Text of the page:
Saturday, October 24, 2009

What makes a place home

champagne grapes financiers

Personally, I associate home with the scents of warm food and baked goods. Home is a secure, comfortable and inviting space with food on the table. For me, the aroma that lingers in the air when something is baking is hard to beat. Perhaps that is what draws me to choose baking as a profession.

Sadly, when I reached our home in Atlanta last month, the first thing I noticed, was the lack of said aroma. I was determined to remedy the situation as soon as I put down my luggage. Upon a quick inspection of our pantry and fridge, it occured to me that my options were limited.

Judging from the recipes on my blog, one can probably tell that I am never one who sets ambitious goals in home baking, so something simple and fast is just fine. And what could be easier than financiers?

All I did was brown the butter, combined the dry ingredients with the eggwhites. The batter rested in the cooler overnight, while I catched up on my sleep!

champagne grapes financiers

After a quick trip to the Farmer's Market the following day, I returned with armful of fruits and vegetables. I was ready to perfume our apartment with the aroma of home cooking. I know only by then, I would feel like I am finally home.

For the financiers, I topped them with figs, blackberries and some beautiful champagne grapes that my good friend Grace introduced me on my last trip home. Ever since then, I can't stop munching these beautiful morsels. Too bad that the champagne grapes season is fleeting. However, given the versatility of the financier batter, you can use any toppings.

champagne grapes

I was short on eggwhites, so I replaced some of it with fig puree. You can safely replace 1/4 of the eggwhite with apple puree/sauce too, if you happen to have some handy.Do you know that apple puree is great at retaining moisture? Just thought you might want to know one of those things I learned from pastry school. ;)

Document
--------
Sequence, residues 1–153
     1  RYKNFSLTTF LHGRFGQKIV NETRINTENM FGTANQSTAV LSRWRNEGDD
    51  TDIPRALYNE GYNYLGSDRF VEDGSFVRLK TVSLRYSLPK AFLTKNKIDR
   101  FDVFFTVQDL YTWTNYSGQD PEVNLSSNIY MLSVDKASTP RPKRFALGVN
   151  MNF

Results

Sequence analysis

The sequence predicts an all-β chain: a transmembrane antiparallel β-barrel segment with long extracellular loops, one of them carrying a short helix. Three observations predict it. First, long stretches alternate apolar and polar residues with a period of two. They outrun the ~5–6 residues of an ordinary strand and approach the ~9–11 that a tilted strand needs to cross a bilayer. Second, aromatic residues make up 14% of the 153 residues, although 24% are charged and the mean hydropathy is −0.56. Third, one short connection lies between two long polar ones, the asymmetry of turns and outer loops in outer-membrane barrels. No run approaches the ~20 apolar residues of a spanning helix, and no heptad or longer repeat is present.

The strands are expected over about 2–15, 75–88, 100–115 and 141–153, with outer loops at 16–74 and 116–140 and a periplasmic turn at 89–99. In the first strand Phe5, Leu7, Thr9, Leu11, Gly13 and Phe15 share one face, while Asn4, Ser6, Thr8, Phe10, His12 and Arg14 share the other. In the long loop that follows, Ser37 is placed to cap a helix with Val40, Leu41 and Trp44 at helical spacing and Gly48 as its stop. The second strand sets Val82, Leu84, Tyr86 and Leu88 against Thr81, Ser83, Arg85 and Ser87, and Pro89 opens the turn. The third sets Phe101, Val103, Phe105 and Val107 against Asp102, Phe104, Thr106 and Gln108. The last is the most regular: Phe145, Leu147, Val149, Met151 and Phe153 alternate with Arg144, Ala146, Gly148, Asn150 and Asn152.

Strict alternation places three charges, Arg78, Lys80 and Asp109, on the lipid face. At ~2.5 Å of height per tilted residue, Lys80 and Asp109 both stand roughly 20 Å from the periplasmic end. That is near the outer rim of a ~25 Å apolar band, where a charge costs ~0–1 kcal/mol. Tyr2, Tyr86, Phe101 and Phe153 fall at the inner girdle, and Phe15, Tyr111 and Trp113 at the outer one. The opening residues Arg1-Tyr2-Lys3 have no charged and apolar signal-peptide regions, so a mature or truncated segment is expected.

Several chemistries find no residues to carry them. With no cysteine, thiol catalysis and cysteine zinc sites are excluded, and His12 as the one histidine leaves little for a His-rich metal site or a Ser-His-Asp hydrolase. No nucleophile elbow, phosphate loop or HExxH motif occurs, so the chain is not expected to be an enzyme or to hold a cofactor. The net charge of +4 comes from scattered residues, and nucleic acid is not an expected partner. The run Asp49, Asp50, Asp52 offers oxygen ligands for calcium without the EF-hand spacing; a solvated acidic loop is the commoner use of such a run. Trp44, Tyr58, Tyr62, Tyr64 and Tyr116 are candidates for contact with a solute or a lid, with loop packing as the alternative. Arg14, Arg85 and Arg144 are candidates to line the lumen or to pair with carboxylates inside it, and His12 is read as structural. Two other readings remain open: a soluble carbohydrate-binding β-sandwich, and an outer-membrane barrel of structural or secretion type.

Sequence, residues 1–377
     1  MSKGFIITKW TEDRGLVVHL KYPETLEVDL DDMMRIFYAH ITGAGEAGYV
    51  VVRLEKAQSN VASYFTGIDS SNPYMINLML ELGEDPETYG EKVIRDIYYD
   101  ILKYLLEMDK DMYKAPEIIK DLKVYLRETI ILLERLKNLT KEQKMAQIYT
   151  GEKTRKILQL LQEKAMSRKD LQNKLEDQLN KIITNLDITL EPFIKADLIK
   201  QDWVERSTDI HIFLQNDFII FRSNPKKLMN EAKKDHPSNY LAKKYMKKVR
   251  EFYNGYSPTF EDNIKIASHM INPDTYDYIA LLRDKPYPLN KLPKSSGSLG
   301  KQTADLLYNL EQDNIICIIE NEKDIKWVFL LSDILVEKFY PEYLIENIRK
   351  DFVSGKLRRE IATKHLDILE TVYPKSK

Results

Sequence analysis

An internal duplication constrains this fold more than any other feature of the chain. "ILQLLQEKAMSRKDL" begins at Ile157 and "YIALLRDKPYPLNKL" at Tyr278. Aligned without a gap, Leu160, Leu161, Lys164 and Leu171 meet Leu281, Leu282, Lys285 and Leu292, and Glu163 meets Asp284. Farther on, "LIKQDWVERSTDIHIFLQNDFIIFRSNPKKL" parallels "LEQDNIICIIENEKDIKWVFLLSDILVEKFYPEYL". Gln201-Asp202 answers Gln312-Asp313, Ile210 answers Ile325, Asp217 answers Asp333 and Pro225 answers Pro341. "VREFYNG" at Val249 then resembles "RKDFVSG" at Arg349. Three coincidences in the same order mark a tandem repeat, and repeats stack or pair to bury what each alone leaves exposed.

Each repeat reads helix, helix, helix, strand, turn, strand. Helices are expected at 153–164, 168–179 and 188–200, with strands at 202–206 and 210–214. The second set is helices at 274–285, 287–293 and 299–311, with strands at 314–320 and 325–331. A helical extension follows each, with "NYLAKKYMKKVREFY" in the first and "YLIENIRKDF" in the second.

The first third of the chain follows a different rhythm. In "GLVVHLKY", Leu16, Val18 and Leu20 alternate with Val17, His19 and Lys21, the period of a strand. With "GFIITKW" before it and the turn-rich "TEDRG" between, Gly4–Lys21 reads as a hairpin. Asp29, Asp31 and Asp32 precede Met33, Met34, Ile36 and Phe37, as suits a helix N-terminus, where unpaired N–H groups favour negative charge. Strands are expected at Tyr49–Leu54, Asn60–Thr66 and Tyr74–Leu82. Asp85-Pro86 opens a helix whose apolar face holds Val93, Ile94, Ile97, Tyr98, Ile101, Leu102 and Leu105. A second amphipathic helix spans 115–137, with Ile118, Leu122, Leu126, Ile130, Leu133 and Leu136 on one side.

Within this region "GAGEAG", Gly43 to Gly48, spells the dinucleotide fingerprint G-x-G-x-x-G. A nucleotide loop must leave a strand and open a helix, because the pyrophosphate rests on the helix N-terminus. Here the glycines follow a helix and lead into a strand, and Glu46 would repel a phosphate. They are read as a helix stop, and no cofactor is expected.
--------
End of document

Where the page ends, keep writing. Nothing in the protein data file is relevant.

adapted from Dorie Greenspan's blog.

Makes 24 mini muffins size cookies

1 1/2 sticks (6 ounces; 180 grams) unsalted butter
1 cup (200 grams) granulated sugar
1 cup (100 grams) ground almonds
6 large egg whites (I substituted 60g of fig puree for 2 eggwhites)
2/3 cup (90 grams) all-purpose flour

Make the brown butter- Put the butter in a small saucepan and bring it to the boil over medium heat, swirling the pan occasionally, so that it doesn't burn at the bottom. Allow the butter to bubble away until it turns a deep brown. Pull the pan from the heat and keep it in a warm place.

Combine the sugar and almonds together in a medium saucepan. Stir in the egg whites, place the pan over low heat, while constantly stirring with a wooden spoon, heat the mixture until it is runny, slightly white and hot to the touch, about 2 minutes. Remove the pan from the heat and stir in the flour, then gradually mix in the melted butter. Make sure that everything is well incorporated. Transfer the batter to a bowl, cover with plastic wrap, pressing it against the surface of the batter to create an airtight seal, and chill for at least 1 hour. (The batter can be kept covered in the refrigerator for up to 3 days.)

Center a rack in the oven and preheat the oven to 400 degrees F (200 degrees C). Butter and flour the mini muffins pan.

Fill each mold almost to the top with batter and add in your choice of toppings. Slide the pan into the oven and bake for about 13 minutes, or until the financiers are golden, crowned and springy to the touch.

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